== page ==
The Child Pornography Clearinghouse - NBC 10 Philadelphia
Protecting Innocence

Protecting Innocence

The Child Pornography Clearinghouse

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    NEWSLETTERS

    The Child Pornography Clearinghouse

    Millions of pieces of child pornography have passed through its walls. Images of children from around the world being abused by adults, their pain memorialized and shared online among a dark network of pedophiles.

    Each photo and video is collected, analyzed and tagged.

    This child pornography clearinghouse is the National Center for Missing and Exploited Children (NCMEC) -- a nongovernmental organization tasked by Congress with identifying abused children and assisting law enforcement in ensuring their assaults come to an end.

    “All we know when we look at a video or photograph is that it was produced on Earth and what we try to do is try to identify where on Earth the image was produced. We then get the information to the appropriate law enforcement agency in that area and they begin the search for the child or the offender,” said Michelle Collins, vice president of the nonprofit’s Exploited Children Division.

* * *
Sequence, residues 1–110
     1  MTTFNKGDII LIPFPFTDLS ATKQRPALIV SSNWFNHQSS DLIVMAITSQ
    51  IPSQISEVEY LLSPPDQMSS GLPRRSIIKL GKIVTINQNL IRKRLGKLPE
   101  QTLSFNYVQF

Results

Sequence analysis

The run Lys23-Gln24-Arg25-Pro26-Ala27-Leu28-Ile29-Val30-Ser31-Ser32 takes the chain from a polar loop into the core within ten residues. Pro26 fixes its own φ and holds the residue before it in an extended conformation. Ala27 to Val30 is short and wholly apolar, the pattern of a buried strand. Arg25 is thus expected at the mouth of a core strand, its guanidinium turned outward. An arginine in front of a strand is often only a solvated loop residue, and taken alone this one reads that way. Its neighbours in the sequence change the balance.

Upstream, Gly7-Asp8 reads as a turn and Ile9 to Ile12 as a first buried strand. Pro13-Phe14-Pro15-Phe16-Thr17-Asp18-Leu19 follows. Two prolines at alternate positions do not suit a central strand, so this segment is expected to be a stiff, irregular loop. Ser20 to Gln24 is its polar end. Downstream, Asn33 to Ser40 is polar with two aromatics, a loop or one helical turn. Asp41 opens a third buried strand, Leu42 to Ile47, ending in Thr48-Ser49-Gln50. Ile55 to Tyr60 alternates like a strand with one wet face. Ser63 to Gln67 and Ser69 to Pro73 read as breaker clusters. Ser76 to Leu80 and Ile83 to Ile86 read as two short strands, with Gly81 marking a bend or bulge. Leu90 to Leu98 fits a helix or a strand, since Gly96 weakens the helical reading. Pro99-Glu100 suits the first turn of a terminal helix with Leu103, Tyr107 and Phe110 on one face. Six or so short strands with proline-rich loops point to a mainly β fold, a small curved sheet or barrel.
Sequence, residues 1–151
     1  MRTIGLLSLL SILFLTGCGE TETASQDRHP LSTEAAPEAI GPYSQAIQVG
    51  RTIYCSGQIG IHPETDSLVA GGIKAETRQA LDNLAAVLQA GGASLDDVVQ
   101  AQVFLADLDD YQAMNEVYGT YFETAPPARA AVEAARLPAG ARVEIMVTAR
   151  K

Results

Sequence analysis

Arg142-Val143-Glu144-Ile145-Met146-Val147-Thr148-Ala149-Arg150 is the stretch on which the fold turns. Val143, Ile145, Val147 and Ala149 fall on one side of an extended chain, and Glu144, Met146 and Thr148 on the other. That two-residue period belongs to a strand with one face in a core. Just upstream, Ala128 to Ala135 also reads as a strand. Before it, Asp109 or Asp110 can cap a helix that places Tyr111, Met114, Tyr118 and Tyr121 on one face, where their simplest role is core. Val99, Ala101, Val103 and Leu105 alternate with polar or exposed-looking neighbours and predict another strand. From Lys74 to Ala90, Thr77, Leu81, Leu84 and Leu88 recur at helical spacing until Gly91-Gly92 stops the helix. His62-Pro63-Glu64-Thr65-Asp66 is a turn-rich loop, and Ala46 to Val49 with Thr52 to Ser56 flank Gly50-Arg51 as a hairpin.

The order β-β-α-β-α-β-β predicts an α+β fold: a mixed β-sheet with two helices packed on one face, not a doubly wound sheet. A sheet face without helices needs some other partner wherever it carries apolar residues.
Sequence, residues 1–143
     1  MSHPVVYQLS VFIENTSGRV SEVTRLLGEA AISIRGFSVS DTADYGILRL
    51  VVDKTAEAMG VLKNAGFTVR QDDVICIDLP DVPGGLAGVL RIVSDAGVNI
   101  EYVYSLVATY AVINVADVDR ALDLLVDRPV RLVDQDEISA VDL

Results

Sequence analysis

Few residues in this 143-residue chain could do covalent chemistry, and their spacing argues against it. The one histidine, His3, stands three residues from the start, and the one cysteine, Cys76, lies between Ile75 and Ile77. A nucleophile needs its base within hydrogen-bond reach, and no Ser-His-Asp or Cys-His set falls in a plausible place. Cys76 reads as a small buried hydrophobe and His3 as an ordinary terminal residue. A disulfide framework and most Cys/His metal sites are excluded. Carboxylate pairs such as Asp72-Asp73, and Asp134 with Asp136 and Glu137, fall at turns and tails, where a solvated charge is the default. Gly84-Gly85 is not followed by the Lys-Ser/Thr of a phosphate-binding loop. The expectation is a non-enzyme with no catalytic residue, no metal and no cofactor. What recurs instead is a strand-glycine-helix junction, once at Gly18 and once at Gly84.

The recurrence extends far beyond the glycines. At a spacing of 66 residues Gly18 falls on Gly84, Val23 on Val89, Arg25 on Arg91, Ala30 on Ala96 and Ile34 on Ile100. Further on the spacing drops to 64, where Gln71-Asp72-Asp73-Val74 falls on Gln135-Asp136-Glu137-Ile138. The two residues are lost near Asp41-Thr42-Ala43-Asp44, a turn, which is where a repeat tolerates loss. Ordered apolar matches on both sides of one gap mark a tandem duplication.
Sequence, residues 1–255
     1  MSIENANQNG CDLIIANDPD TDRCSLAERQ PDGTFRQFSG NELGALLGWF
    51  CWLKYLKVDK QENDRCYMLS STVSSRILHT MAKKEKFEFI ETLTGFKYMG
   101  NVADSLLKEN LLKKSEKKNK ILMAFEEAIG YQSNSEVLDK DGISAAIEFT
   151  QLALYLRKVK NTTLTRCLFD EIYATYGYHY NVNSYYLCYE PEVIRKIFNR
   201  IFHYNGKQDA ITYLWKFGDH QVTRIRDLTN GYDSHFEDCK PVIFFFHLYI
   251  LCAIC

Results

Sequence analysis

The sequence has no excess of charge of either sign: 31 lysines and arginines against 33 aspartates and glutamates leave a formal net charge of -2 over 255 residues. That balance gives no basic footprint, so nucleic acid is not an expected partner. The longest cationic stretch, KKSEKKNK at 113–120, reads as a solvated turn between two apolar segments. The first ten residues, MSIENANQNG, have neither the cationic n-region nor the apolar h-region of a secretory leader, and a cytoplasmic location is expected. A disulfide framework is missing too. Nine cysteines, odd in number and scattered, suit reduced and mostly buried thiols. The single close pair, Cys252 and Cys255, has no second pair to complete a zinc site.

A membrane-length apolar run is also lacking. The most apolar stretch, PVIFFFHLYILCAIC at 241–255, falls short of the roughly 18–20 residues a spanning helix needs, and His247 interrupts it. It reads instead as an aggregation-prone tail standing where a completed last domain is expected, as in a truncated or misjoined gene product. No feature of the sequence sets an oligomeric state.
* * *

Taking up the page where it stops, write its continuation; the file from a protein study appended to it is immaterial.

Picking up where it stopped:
NCMEC (Nick-Mek), as it’s nicknamed, launched in 1984 in the wake of several high-profile child abductions and murders starting in the late 1970s, including the abduction and decapitation of 6-year-old Adam Walsh. NCMEC began collecting and sharing the photos of missing and exploited children with partners who would then post them on milk cartons, billboards and more recently, banner ads on websites.

    The National Center for Missing and Exploited Children is headquartered in Alexandria, Virginia.

    Each week, analysts at NCMEC review hundreds of thousands of photos and videos showcasing child porn at its Alexandria, Virginia headquarters. The historic six-story brown brick building in the sleepy Washington, D.C. suburb houses the organization’s Child Victim Identification Program. The staggering volume of explicit material is passed to them from detectives and agents around the world.

    Since the program’s inception in September 2002, the organization has reviewed more than 121.6 million images and video. Collins admits a large number of those are duplicates, but she says the total shows how “significant” of a problem the production and trade of child pornography has become.

    “It’s important to remember that child pornography is really a reflection of child sexual molestation. A molestation had to occur and somebody had to photograph, videotape, document, memorialize the abuse,” she said. “So the problem with child sexual molestation has always existed. We’re now seeing it with our own eyes because the people are taking photographs, videos and sharing them online.”